Consequently, we are confident that EF is compatible with many of the spinning disk-based bioimaging experiments, as long as Z-axis information is not required for the subsequent data analysis. EF offers faster projection collection over the whole volume, less photobleaching and phototoxicity and, for extensive use, an important added advantage is the great reduction in storage capacity and corresponding fast retrieval of small live imaging files.

DISCUSSION

The EF was designed to enable high lateral and temporal resolution tracking of endosomes in live cells by sacrificing detailed Z-resolution data. From an end-user point of view, EF greatly reduces light exposure per time point, reducing phototoxicity and favoring long-term live-cell imaging.

One potential issue regarding this type of application is focus drift during long-term imaging. At present this device cannot be used together with most of the differential reflective index-based focus stabilization or focus-searching devices, such as the Perfect Focus System (PFS) from Nikon. Normal Z-stack recordings face the same problem and it is usually countered purely mechanically by having a larger temperature chamber also enclosing the stage rather than installing an onstage incubator.

Although we primarily had fast kinetics of intracellular traffic in mind for developing the EF, it is clear that several other imaging applications can benefit from such a device, if they only require an accurate projection of the subject of interest. For instance, works from the Bershadsky group (Jalal et al., 2019; Tee et al., 2015) heavily relied on high-resolution projections from long-term imaging to describe organization of the actin cytoskeleton in a range of cell types. EF can reduce the overall photobleaching as we have demonstrated in the Results. Using EF also results in a reduced file size, thereby making the subsequent image processing and data storage less demanding for hardware infrastructures.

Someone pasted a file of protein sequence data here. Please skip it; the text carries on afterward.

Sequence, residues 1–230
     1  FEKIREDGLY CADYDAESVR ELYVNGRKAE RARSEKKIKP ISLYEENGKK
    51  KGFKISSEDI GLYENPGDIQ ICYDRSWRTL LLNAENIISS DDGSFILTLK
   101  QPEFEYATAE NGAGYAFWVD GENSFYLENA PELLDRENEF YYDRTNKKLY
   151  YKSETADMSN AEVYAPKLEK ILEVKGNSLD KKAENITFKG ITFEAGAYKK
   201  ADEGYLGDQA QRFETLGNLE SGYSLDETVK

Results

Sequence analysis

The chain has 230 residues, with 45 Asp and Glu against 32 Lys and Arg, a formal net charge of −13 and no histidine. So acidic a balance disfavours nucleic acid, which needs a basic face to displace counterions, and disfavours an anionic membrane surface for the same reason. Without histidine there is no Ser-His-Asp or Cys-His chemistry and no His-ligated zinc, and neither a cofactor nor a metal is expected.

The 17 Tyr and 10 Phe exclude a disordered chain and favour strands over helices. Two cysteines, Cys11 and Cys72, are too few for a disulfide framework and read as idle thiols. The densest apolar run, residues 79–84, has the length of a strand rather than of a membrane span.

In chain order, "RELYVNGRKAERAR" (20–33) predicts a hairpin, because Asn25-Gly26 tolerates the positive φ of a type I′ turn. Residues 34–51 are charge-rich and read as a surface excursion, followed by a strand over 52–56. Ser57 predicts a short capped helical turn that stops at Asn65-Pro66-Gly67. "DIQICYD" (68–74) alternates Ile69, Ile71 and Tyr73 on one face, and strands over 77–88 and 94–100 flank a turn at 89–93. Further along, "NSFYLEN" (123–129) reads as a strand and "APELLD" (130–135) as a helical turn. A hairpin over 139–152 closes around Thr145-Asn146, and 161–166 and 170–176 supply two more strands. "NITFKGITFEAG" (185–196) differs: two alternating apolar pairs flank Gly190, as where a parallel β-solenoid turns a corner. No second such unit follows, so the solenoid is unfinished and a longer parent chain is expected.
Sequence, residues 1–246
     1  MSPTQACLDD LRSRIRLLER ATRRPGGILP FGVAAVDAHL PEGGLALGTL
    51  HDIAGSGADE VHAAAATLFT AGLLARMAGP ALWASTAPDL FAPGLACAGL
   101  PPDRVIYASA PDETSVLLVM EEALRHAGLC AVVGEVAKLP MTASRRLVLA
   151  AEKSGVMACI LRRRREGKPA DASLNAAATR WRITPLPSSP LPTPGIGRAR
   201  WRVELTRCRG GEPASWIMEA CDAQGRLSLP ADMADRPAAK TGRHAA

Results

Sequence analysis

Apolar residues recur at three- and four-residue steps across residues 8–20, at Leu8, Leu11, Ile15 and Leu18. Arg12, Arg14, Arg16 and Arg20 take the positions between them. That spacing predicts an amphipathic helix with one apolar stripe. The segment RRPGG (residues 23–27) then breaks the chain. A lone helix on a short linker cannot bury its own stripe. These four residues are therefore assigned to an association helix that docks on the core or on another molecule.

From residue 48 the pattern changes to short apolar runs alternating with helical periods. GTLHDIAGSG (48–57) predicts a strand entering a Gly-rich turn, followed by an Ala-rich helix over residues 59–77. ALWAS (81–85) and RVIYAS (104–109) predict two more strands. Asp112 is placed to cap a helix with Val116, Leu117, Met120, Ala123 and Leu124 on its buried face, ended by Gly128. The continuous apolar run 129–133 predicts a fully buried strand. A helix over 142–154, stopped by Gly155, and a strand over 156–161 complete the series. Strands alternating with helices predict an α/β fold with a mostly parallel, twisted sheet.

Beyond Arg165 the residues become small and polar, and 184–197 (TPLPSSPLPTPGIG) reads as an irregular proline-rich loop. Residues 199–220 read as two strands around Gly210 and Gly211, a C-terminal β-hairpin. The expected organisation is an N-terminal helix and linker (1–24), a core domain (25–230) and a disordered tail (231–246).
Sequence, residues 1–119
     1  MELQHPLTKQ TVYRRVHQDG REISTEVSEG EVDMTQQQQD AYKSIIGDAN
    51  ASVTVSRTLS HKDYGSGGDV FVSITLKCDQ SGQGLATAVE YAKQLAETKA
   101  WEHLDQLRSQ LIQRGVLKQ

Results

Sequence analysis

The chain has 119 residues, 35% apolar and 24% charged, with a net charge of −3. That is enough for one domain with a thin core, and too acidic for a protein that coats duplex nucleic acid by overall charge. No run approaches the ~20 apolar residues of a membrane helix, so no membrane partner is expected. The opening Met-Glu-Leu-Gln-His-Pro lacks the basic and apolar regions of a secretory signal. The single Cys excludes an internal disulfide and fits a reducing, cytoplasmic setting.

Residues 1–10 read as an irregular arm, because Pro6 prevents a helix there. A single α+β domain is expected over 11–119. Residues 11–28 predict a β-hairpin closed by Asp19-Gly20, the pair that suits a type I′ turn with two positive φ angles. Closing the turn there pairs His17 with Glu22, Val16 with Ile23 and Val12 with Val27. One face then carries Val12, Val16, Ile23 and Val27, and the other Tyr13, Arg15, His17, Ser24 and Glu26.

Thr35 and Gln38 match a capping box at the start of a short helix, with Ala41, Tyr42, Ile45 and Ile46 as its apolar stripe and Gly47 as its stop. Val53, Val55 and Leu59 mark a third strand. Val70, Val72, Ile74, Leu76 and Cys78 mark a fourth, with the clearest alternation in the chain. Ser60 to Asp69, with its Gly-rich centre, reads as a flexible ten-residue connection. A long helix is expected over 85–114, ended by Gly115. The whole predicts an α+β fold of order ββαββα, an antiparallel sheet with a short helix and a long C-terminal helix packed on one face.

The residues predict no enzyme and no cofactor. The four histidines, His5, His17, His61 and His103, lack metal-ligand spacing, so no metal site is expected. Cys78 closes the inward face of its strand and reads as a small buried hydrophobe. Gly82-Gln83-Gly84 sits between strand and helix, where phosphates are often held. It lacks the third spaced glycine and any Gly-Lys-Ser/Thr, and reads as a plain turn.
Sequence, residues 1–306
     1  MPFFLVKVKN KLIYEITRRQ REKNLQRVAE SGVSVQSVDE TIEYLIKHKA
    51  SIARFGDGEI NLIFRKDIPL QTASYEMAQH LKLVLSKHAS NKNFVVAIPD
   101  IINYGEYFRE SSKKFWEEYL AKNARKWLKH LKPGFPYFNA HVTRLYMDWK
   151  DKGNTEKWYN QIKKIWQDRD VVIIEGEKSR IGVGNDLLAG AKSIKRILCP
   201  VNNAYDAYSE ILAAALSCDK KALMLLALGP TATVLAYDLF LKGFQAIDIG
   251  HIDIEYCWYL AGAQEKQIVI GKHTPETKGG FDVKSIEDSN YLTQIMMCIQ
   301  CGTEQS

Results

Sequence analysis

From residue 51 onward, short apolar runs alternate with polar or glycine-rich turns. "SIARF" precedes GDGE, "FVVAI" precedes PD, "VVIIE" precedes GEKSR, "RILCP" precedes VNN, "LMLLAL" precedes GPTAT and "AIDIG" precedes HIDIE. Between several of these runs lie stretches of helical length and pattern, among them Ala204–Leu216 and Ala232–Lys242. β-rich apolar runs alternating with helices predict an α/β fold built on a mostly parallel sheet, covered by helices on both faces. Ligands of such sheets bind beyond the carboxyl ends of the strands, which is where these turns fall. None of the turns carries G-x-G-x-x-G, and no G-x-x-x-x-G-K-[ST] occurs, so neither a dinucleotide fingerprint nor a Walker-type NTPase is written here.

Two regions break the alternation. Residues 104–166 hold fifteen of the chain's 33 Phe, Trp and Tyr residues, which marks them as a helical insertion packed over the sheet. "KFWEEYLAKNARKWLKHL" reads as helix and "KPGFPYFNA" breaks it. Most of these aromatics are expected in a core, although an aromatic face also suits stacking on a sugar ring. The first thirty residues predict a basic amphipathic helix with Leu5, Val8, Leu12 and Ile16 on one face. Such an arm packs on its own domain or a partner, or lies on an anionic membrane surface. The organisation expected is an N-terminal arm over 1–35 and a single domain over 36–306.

Optical extended field of depth phase masks have existed for some 15 years and are commercially available from Hamamatsu. The Hamamatsu EF2 and EF5 extended focus phase masks create elongated, high-NA PSFs. These are designed to provide extended depth of view in the camera light path of a widefield system but in a confocal spinning disk system they also extend the scanning focal spots, which is – in theory – useful. The remarkable loss of light we experienced and which worked against our design goal, is likely a result of poor alignment and them being used in the parallel light path. It would have still been our method of choice, if it did not also increase background visibility significantly. The background and its additional blur made this unsuitable for our tracking efforts. The masks are generally placed in the camera path near the relay's magnification but can operate in the parallel beam path. The light loss, even in combination with a large pinhole disk was, however, considerable and the homogeneity was not satisfactory. The fact that the mechanical approach supported structured illumination in the projection let us abandon the search for more-advanced and efficient projection methods.

Other previous works to achieve similar goals have been performed on fast focusing lenses (Liu and Hua, 2011). Here, thin liquid lens elements help refocusing optical systems over short focal ranges. They do not provide any real speed advantage over piezo-refocusing of the lens collar or the specimen holder in the low micrometer range; however, for long focus travel the speed is increased. All these efforts settle just below the kHz range and they introduce an inhomogeneous point spread function (Xue et al., 2015). The ready availability of piezo drives for our work, contributed to our choice in the end.